6 Replies Latest reply on Aug 18, 2009 7:27 PM by John T Smith

    Heat Sink and fan for i7 Computer

    John T Smith Adobe Community Professional & MVP

      I don't plan to overclock when I build an i7 Computer, so the stock heat sink and fan MAY be good enough

       

      But, since a cooler CPU is likely going to last longer, I've been looking at aftermarket brands

       

      I had been thinking about the Noctua NH-U12P SE1366 which is about $75, but then ran across a Cooler Master

       

      This one is highly rated and at $55 for a "stock" i7 I'm thinking it should do very well

      http://www.newegg.com/Product/Product.aspx?Item=N82E16835103055

        • 1. Re: Heat Sink and fan for i7 Computer
          AwesomeShot Studios

          Having built my system just a few months ago, I researched the best HS/Fan combo and came up with this:http://www.newegg.com/Product/Product.aspx?Item=N82E16835185093

           

          If you can manage to get another 120mm Scythe fan and clip and put this in a push-pull config, you will get as good/better performance than liquid cooled systems at a fraction of the cost and complexity. The only thing to keep in mind is that the auto speed on the fan will result in an error message upon booting with an Asus P6T v2 board (since it runs about 600 RPM).  Very quiet and cool at an amazing price. Not as heavy as the Cooler Master V8 (I believe)

          1 person found this helpful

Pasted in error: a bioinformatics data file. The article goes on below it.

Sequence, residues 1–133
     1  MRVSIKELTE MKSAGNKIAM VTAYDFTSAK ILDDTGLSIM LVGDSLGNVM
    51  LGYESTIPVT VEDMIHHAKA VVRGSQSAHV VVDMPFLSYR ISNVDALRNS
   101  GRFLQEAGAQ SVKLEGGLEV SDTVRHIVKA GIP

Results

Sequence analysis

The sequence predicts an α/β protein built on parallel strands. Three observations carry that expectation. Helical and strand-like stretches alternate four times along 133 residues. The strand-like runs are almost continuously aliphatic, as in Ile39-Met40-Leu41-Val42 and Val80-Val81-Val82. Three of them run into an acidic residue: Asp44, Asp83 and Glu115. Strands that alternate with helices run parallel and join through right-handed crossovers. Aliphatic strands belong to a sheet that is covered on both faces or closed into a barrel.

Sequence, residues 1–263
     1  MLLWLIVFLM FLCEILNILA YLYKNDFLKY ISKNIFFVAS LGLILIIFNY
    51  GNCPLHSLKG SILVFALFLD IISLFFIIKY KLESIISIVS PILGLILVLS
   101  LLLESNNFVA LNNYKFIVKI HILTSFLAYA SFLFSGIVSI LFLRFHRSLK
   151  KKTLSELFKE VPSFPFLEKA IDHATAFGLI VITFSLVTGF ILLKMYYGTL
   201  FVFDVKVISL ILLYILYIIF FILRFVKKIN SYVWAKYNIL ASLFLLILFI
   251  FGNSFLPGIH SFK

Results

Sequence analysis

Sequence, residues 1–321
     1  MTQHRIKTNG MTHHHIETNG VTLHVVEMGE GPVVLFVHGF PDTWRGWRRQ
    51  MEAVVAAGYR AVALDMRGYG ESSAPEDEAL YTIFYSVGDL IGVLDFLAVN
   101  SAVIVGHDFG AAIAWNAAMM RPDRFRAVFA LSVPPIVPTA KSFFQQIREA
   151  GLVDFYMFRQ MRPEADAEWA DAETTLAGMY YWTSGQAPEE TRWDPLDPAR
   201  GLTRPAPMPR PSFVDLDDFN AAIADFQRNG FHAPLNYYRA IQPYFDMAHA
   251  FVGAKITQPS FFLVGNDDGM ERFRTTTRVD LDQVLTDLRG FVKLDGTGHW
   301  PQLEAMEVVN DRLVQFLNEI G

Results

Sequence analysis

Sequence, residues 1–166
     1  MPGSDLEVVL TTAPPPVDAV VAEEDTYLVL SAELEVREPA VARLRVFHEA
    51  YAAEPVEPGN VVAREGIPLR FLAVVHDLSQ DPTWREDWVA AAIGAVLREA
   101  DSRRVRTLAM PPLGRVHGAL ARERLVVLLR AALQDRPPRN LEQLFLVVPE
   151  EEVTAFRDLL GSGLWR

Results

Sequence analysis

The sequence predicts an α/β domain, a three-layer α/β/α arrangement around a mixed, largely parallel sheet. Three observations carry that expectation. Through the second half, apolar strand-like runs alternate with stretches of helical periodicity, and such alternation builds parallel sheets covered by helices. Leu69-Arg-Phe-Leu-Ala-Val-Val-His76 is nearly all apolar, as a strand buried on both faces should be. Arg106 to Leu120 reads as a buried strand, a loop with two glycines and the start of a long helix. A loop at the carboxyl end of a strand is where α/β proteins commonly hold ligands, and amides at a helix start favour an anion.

• 2. Re: Heat Sink and fan for i7 Computer
            Harm Millaard Level 7

            The problem with CPU coolers is that the various sites that report product comparisons also use widely different testing methods and thus the rankings you read about, can vary from site to site. So which one do you really believe being the most reliable? I don't know, but generally AnandTech leaves a good impression. Are they the most trustworthy of the bunch?

             

            From all the reports I have seen, despite their different testing methods, there are two top contenders, the Noctua and the ThermalRight, but nearly always closely followed by the Scythe Mugen and the CoolerMaster. The difference between these coolers is usually small or even undiscernable. What does make a difference is whether they have push-pull configurations, as Oren pointed out. That makes more difference than brand A or B.

             

            I would look at availability of push-pull configurations and price and decide on that basis. Weight would not be a factor for me.

             

            Just my $ 0.02

            1 person found this helpful
            • 3. Re: Heat Sink and fan for i7 Computer
              John T Smith Adobe Community Professional & MVP

              I can see I have more reading to do... thanks to both of you for the ideas

              • 4. Re: Heat Sink and fan for i7 Computer
                John T Smith Adobe Community Professional & MVP

                I looked at the Scythe you linked, and all of the pictures Newegg has linked to that page

                 

                I don't find a picture showing how the fan is mounted to the heat sink

                 

                How-Where is the fan mounted?

                • 5. Re: Heat Sink and fan for i7 Computer